Twinkle While You Shake It

Posted by on Dec 6, 2016 | 1 comment

Twinkle While You Shake It

“Twinkle while you shake it.” 
“Ya Gotta Have A Gimmick,” from the musical Gypsy, engraved on my mother’s tombstone

“One never knows, does one?”
Fats Waller, one of my mother’s favourite quotes


A few days before my mother died, we went to the grocery store. The Giant Eagle, to be exact. My mother did not have the strength to walk, so we rented a wheelchair. The company providing the chair took their sweet time delivering, and my mother sat in the living room, on the couch, waiting.

She waited while I went to the gym to lift weights. To build my strength, mostly in spirit. My body was already strong from weeks of daily workouts, lifting and pushing and running away from the thing I couldn’t elude. I needed to be strong. I didn’t think I’d ever be strong enough.

She waited, and thought I’d forgotten.

She waited for the wheelchair, and thought they’d forgotten.

She thought we’d all forgotten.

We didn’t, we couldn’t.

Our adventure began at Skyline Chili, an Ohio institution. The food was terrible. She didn’t care. She didn’t even really eat anything, but eating wasn’t the reason she was there.

Then to the Giant Eagle. Like she and I did with her grandmother before, I pushed her up and down every single aisle. But my great-grandmother walked – tiny, frail, and stooped in her old age – and pushed her own cart.

My great-grandmother also lived past 100 years old. “All of the women in our family live really long lives,” we always said. Everyone always said. It was understood. A given.

My mother was 57 years old when I pushed her wheelchair through the Giant Eagle, touching things on shelves, discussing produce. We bought acorn squash.

No one really talked about the fact that 57 is not 100. No one talked about the fact that her parents were still alive. Her father’s brain had begun to succumb to Alzheimer’s, but still, he knew. “You were always the best shopper,” my grandmother said to my mother, on their last visit. Their last time together on Earth.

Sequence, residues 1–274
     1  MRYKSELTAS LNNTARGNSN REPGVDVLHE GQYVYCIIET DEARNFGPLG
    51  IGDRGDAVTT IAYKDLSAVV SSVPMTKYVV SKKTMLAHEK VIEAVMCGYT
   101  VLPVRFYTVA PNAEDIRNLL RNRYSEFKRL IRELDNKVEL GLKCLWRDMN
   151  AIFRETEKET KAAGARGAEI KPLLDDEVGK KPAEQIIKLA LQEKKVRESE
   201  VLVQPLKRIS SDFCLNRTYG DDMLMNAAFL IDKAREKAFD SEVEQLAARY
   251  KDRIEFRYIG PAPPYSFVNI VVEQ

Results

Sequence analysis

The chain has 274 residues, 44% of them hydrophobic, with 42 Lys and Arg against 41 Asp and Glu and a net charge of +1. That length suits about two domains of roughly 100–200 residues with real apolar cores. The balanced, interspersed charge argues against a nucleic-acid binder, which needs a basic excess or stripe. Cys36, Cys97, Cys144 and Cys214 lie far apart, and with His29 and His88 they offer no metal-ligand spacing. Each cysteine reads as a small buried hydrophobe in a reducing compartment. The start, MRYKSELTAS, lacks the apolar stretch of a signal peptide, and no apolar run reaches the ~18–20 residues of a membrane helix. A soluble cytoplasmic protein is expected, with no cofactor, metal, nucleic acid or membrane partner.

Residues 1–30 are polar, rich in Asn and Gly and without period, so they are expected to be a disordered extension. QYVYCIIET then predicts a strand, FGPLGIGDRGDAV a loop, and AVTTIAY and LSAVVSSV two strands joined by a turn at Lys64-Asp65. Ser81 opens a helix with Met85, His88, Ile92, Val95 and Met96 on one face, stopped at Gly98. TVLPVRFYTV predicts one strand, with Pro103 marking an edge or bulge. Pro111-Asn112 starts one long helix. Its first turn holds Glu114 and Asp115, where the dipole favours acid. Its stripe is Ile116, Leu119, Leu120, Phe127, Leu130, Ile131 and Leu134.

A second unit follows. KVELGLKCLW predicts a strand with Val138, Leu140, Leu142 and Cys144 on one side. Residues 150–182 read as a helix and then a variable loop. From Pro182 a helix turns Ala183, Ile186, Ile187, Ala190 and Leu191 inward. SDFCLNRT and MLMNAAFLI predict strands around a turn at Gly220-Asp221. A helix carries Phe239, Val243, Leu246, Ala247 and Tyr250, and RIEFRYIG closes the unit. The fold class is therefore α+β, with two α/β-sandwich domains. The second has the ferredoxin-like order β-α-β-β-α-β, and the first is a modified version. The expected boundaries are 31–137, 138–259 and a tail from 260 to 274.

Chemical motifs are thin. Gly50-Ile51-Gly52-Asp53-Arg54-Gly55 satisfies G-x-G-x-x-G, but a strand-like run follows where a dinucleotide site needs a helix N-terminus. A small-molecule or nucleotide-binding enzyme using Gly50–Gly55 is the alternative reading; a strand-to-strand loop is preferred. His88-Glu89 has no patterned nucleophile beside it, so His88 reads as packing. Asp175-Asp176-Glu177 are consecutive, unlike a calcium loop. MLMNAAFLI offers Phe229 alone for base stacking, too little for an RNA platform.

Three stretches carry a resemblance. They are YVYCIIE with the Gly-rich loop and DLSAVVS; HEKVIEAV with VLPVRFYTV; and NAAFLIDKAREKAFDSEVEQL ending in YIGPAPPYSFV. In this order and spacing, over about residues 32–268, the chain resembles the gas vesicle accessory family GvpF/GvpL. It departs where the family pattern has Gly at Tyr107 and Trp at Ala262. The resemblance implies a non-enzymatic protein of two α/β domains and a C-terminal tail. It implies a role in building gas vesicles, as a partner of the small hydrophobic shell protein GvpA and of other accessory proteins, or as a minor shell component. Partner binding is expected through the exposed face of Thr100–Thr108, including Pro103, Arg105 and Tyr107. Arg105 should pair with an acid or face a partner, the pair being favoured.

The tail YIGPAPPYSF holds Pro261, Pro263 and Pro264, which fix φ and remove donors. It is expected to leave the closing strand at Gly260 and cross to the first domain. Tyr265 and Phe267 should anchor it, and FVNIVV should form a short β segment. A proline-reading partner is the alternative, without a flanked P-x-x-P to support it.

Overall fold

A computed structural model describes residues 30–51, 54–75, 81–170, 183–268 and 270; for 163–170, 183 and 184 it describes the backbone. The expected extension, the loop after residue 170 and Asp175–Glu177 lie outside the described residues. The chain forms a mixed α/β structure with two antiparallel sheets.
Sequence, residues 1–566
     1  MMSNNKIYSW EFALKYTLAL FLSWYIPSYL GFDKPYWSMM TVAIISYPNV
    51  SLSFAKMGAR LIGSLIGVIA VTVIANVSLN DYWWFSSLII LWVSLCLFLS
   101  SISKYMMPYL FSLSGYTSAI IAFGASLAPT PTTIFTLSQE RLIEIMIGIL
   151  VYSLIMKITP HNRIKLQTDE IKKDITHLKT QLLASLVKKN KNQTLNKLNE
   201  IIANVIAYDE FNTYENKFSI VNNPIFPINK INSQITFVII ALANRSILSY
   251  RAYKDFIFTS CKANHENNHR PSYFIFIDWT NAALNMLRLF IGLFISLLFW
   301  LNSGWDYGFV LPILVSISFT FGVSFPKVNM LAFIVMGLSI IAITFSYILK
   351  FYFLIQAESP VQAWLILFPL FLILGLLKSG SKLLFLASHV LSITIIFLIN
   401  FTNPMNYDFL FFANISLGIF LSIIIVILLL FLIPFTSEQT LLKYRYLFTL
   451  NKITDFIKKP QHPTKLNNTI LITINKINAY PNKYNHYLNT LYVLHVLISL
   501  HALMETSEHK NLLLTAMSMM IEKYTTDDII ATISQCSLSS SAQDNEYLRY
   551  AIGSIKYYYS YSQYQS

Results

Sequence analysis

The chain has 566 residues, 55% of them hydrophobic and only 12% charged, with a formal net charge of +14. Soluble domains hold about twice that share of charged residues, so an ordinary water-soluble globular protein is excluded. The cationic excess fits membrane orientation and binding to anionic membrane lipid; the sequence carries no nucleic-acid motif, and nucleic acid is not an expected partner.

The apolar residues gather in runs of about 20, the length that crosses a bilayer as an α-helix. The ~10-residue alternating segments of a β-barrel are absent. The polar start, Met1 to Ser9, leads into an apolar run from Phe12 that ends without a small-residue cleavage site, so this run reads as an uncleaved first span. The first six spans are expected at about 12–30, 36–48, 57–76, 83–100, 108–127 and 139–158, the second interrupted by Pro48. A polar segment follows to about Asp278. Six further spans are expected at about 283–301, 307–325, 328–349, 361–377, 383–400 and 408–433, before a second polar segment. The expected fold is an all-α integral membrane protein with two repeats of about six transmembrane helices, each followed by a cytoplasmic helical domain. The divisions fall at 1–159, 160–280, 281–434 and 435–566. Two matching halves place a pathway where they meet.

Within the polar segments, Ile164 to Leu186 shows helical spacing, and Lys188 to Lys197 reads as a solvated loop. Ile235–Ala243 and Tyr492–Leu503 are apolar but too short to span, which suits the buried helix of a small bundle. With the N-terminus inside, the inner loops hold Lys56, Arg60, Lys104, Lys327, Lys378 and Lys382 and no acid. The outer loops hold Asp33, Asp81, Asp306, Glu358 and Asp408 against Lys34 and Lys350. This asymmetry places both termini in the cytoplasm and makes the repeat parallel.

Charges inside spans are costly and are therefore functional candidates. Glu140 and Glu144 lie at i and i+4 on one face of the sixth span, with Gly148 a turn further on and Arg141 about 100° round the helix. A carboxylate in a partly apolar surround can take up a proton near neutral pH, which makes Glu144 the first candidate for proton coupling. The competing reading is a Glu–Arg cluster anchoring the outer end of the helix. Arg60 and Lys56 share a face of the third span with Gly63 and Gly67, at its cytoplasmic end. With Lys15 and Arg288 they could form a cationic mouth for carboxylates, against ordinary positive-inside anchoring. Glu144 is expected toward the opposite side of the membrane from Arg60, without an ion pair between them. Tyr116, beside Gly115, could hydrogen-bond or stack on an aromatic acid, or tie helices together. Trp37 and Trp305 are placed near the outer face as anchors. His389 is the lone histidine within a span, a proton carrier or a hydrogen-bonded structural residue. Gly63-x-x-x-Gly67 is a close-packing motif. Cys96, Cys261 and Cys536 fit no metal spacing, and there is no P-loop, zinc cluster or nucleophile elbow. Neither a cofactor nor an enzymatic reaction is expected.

I watched my grandmother try and reconcile the situation before her. She wrung her hands as she sat next to my mother’s hospital bed, set up in the den. Her daughter’s deathbed. “You were always the best shopper.”

There is no higher praise in my family. My clan of women who take bargain shopping as seriously as some take final exams. My mother was the oldest of four daughters, who mostly had daughters. Except my mother. She had but one daughter, and two sons. The oldest son married his high school sweetheart, so she quickly became indoctrinated into the family obsession. Shopping is serious business. The biggest bargain is worn like a crown, wielded as a trophy.

My mother once bought me an Armani dress for 99% off. $5. We joked about framing the tag and receipt. I wish we had.

My grandmother didn’t know what else to say. I didn’t know what else to say.

My aunts, my mother’s three sisters, came with their parents on that visit. To say goodbye. I have no idea how they got there, or how they got home. They drove almost four hours, from Indianapolis to Columbus, and I still don’t know how they did it. They came in a vehicle that my mother’s cousin (essentially a fifth sister) drove. But when I think of being inside that van on the trip to and the trip from visiting my mother, their big sister, their firstborn… my mind breaks.

That was the worst day of my life. Not the day my mother passed; that day ranks second. I am empathic.  The sorrow was too much to process.

My mother somehow rallied, and lived for two more weeks. I’m looking at the calendar now, not believing what it’s telling me. I thought it was three weeks. It felt like three weeks. It was two. Eleven days.